Someone should introduce a novel idea into government service: it's actually possible to serve in an administration, and then leave it without writing a tell-all expose about what a wonderful job you tried to do, but how, despite your best efforts, the administration went astray. When a Democrat like Richard Clarke betrays President Bush, that's one thing; when it's done by a Republican, it's unforgivable.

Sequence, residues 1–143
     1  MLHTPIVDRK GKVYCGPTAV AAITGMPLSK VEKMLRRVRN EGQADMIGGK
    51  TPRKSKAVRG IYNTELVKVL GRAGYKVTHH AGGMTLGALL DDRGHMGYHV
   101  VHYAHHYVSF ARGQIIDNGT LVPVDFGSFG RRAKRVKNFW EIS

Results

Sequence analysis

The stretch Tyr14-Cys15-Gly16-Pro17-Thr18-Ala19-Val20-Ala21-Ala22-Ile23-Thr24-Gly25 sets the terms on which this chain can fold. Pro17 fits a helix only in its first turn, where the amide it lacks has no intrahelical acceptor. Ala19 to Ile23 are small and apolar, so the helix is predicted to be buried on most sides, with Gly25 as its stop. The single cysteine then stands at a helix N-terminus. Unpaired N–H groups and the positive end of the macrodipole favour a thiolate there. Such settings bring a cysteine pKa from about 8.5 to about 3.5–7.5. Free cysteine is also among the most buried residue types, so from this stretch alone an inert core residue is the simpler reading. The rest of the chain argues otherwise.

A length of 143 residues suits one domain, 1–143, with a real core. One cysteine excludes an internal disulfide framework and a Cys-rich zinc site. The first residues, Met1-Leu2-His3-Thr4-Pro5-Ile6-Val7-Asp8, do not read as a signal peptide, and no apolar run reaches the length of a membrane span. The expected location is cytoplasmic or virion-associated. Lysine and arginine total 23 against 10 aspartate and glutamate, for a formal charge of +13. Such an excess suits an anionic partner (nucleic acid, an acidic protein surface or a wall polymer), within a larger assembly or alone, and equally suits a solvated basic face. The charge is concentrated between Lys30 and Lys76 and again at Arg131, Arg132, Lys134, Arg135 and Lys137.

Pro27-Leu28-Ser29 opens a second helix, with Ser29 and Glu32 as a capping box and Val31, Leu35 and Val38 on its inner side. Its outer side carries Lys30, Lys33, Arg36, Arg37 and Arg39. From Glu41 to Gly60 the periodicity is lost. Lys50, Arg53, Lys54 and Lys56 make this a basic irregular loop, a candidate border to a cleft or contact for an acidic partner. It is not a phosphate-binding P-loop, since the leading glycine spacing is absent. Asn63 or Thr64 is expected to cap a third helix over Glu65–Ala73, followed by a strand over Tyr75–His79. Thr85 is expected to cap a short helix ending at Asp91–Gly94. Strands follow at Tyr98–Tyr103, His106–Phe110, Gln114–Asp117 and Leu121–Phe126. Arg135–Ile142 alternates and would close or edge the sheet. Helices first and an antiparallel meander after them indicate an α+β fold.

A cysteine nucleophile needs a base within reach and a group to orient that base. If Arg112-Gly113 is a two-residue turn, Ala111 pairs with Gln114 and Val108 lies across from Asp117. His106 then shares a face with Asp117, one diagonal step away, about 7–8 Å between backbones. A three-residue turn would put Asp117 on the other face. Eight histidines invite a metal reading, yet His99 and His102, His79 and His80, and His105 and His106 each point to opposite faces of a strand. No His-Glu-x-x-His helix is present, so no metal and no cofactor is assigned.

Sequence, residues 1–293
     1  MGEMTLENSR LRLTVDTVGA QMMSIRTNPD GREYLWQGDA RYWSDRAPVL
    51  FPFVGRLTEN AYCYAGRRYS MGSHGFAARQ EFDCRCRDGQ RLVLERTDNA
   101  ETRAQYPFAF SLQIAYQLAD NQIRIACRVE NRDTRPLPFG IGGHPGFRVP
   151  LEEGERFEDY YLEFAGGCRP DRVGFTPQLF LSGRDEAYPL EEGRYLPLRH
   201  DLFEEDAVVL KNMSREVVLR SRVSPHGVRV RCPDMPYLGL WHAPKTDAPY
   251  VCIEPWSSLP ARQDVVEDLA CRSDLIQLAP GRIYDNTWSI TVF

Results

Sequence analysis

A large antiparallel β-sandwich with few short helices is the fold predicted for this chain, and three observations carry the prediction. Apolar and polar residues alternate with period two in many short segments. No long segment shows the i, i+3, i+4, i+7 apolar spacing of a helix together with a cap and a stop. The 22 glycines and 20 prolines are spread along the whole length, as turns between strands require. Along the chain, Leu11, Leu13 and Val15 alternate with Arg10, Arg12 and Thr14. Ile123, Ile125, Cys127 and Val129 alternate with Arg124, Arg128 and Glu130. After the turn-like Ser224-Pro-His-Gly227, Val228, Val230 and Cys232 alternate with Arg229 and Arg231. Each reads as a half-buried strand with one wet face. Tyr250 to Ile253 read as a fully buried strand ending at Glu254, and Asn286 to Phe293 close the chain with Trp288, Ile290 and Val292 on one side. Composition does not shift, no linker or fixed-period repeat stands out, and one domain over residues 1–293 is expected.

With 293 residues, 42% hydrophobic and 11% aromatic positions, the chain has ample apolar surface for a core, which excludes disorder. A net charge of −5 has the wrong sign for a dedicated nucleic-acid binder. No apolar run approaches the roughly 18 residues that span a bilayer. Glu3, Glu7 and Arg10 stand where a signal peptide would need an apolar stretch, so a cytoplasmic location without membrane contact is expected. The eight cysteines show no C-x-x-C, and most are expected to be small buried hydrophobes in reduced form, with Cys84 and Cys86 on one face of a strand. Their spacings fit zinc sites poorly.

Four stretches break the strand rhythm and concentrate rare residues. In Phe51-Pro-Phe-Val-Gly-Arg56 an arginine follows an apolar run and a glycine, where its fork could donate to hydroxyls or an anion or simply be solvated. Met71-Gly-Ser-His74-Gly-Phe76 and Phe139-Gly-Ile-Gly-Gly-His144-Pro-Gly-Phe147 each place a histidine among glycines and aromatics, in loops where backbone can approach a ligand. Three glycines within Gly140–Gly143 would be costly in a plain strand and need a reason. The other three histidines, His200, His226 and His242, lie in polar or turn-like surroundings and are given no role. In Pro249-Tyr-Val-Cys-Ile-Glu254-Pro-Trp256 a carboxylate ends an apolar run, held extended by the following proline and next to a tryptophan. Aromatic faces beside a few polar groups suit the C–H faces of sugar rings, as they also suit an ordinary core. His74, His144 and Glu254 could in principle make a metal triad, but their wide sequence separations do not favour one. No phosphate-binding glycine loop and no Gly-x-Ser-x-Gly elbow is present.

This article is so off base it almost defies a logical rebuttal. First, Richard Clarke isn't a Democrat. He's an independent. Second, perhaps Ms. Whitman actually thinks there are *gasp* things the administration could have done better! Maybe it isn't a vain effort at self-promotion and lucrative book profits. Third, and most importantly, the rhetoric Powerline uses is profoundly disturbing. Whitman "betrayed" Bush and that's "unforgivable." Powerline has taken the Democrats to task (often rightly) for their intolerance of opposing views. But I have yet to see mainstream Democrats label their moderate cohorts as "betrayers" just because they refuse to toe the party line to the letter (instead, they sometimes nominate them for Vice President, as Sen. Lieberman reminds us). Powerline would do well to remember that dissent is a virtue, not a vice, in a free society, and now that the campaign season is over they might also want to try admitting that the Bush administration isn't God's kingdom on earth. If Powerline thinks that the Republican party currently inhabits the perfect ideological terrain--politically, morally, on every issue, position, and controversy--that's their prerogative, but they should realize then that the party only came to its current state because "dissenters" challenged (betrayed?) the 50s-60s Republican orthodoxy of Taft, Eisenhower, and Ford. Seeking to silence those in the GOP with whom they disagree is the greatest gift Powerline can give to the Democratic party. But I for one prefer open political debate to transient political gains.